Category: ConspiracyPseudoscienceScienceSkepticismTeaching


    Article by: Caleb Lack

    Caleb Lack is the author of "Great Plains Skeptic" on SIN, as well as a clinical psychologist, professor, and researcher. His website contains many more exciting details, visit it at www.caleblack.com
    • ke Liu

      there are a lot of discussion regarding The Bermuda Triangle, and other parts of the world also, that the mysterious phenomenon which caused accident. However, people want to believe “magic” rather than scientific explanation.

    • Kaitie McElroy

      This was a fun and informative post. I remember hearing stories about the Bermuda triangle when I was young from friends and seeing crazy headlines on tabloids. In my head the only thing I could visualize was that the phenomenon was literally a triangle that if entered caused you to disappear. Even when I was very little it was very hard to reconcile that image with the real world.
      I really liked how you laid out all the scientifically possible explanations, it was interesting that the disappearance rate was on par with that of other shipping lanes. I figured that maybe since the story was so ingrained in folklore that maybe there could be a grain of truth in the fact a greater number of ships and planes disappeared in that area due to weather. But now it sounds like even the disappearance rates were fabricated!

    • J. Kyle Haws

      I really enjoyed your post! To be honest, I used to believe that disappearances in the triangle were the result of paranormal phenomenon. This belief was heavily influenced by my grandfather who had some pretty crazy theories about the earth being hollow and filled with aliens. He believed that aliens would travel to the surface at the north and south pole and at the bermuda triangle. I really thought these beliefs could have been true since my wise, loving, and all knowing grandpa (bless his heart) believed in this nonsense.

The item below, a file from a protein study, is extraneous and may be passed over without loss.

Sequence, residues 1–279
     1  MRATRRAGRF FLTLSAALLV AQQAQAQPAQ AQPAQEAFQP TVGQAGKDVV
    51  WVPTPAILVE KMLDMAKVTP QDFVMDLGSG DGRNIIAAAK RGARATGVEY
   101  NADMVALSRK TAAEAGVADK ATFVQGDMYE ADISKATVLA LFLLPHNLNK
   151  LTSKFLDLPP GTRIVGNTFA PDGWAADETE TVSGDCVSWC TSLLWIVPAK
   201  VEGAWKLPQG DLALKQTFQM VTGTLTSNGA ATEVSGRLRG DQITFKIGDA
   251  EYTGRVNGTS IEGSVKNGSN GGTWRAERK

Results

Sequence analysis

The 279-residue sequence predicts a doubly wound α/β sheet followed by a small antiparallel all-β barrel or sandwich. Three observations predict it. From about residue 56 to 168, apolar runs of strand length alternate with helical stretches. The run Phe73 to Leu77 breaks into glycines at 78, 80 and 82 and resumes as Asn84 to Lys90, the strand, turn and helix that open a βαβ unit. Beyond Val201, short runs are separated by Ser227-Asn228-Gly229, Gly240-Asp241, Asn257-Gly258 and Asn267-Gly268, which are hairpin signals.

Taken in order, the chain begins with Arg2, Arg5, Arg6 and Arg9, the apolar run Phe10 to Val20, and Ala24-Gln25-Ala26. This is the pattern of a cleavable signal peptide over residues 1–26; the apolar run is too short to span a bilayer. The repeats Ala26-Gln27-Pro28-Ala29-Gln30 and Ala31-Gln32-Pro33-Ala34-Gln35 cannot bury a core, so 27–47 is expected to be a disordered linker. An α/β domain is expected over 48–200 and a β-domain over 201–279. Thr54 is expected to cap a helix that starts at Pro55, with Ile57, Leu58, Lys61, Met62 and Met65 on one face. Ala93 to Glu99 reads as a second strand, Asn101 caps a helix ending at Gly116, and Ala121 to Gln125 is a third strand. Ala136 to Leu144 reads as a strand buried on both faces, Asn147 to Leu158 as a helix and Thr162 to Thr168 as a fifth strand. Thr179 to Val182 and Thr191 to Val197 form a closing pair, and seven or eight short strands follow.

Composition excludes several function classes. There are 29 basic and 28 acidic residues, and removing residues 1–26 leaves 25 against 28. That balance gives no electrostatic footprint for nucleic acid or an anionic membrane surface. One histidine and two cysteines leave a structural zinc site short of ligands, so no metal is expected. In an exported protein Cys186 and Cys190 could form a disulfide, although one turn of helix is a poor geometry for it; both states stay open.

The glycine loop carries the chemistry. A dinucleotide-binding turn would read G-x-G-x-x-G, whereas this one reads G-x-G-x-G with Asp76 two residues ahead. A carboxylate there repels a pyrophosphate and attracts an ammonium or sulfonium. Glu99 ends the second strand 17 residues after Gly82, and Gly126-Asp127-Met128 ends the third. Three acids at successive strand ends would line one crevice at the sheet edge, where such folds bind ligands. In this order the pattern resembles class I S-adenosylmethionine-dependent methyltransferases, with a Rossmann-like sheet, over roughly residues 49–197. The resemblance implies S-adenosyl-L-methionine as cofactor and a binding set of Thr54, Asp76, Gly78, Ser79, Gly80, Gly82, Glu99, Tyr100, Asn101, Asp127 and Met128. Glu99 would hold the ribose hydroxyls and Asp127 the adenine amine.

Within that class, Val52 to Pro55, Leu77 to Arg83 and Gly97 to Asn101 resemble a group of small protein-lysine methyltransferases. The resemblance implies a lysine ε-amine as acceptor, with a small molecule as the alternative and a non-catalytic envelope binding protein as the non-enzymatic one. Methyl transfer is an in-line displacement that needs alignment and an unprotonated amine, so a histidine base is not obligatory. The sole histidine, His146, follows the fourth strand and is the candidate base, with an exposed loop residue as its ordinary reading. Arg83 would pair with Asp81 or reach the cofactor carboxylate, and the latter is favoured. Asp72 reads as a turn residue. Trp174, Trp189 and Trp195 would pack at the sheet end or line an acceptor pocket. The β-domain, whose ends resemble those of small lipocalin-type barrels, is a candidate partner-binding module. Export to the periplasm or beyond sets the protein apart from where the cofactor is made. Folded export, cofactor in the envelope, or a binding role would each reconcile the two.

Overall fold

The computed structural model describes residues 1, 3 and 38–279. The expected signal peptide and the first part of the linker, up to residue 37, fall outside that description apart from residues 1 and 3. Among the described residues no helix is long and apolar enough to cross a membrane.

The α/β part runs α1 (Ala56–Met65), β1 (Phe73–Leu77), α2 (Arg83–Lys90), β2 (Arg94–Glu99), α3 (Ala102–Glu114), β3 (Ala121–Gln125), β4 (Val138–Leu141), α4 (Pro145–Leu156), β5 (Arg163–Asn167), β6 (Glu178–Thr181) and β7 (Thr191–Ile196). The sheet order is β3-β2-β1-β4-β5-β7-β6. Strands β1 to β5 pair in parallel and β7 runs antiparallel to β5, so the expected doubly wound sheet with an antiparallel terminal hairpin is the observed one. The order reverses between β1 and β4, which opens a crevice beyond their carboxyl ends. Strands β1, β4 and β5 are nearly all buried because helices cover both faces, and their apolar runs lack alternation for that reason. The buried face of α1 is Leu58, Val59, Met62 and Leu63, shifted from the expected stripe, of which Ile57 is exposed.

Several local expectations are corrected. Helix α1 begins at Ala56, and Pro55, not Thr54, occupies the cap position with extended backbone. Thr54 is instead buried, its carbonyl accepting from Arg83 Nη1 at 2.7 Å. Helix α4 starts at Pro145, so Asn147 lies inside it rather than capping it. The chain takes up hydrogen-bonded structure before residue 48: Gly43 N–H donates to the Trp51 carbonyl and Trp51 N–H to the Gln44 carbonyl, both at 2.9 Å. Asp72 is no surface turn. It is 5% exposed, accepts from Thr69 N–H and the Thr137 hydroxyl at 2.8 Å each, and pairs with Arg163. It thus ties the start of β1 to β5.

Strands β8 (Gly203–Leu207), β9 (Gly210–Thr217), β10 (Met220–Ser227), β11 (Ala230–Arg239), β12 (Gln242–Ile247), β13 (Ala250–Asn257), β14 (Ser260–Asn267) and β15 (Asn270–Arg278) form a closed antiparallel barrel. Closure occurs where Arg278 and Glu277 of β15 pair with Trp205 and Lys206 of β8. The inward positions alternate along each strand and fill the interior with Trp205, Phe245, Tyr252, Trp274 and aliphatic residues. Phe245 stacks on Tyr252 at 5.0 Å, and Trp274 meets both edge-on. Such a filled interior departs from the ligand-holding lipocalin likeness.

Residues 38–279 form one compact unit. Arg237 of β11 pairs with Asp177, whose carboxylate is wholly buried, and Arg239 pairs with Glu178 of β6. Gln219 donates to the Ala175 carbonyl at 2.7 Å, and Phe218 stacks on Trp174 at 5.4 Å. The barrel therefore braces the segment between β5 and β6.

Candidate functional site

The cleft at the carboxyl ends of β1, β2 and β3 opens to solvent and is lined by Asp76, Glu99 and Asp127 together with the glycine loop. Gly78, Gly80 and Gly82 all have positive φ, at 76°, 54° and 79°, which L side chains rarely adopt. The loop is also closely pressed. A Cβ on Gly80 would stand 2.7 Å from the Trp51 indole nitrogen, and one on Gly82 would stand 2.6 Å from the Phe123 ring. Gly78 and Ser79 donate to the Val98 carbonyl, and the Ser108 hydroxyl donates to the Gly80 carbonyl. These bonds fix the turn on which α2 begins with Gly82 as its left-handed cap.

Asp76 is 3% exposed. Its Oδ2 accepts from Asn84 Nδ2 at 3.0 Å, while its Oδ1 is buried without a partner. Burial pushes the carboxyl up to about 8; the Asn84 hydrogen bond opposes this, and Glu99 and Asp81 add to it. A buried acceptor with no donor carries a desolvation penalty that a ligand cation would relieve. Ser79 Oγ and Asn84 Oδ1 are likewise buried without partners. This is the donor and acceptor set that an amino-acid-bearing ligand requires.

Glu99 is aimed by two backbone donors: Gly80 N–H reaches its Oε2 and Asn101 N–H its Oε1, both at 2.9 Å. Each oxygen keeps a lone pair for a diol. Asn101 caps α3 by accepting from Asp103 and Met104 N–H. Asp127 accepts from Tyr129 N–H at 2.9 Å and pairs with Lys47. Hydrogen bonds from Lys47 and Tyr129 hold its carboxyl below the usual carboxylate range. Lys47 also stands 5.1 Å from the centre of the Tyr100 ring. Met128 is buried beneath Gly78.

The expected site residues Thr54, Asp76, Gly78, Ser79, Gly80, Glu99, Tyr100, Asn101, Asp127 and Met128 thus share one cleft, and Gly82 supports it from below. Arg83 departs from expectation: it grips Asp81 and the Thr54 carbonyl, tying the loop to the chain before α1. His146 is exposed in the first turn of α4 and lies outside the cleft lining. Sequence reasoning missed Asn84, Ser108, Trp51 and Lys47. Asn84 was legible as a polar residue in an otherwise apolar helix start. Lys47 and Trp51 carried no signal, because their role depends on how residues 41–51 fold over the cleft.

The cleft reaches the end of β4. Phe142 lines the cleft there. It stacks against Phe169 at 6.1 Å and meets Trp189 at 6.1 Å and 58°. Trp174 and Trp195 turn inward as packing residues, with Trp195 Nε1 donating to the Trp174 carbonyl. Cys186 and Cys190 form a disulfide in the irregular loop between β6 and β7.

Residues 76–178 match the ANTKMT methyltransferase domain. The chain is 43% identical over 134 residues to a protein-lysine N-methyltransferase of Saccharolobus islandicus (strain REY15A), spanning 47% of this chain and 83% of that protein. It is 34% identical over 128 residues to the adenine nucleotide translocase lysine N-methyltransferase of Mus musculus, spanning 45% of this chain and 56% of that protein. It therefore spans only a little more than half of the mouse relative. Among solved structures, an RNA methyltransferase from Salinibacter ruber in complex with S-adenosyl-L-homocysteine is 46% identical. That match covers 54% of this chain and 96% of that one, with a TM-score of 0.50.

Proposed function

Very nice summation of the BT “phenomenon” and why it isn’t actually mysterious at all. This article demonstrates William of Occam’s principle of “do not multiply causes unnecessarily” nicely by pointing out that just a bit of rational, critical thinking can lead to far more satisfying and probable explanations than “unknown aliens did it” or “lost technology from Atlantis is the cause.”

    • jordannpyle

      I think we have all heard about the Bermuda triangle and it’s mystery time and time again but I never really knew all the conspiracy theories that came along with it. Aliens? Really people? I had no idea that was one of the bigger theories until I read your post. I honestly always thought there was something strange about the Bermuda triangle (I never planned on heading that way) but I always chopped it up bad weather when things disappeared. I like how you pointed out the majority of the Berumda’s fame came before the time of modern technology. That makes a lot more sense when you look at the time period when most planes/ships/people disappeared. This post was great, however, it makes me a little said because this was one of the few phenomenons I wish were true. Good job!

    • CodyB

      I find it funny that so many people can whole-heartedly agree that there is some large-scale, mysterious, supernatural reason for the disappearance of airplanes and boats and they all have completely different explanations. If there was one prevailing thought that was shared by all Bermuda Triangle believers, I would be more likely to give them a chance to persuade me. As it stands, I will continue as a non-believer (but still avoid the area just to be on the safe side!)

    • CatherineD

      This is really great. It’s interesting to think that we have to come up with elaborate reasons to explain accidents that happen, rather than admitting that we, as a human race, are imperfect. It would be awesome if Atlantis really was there though!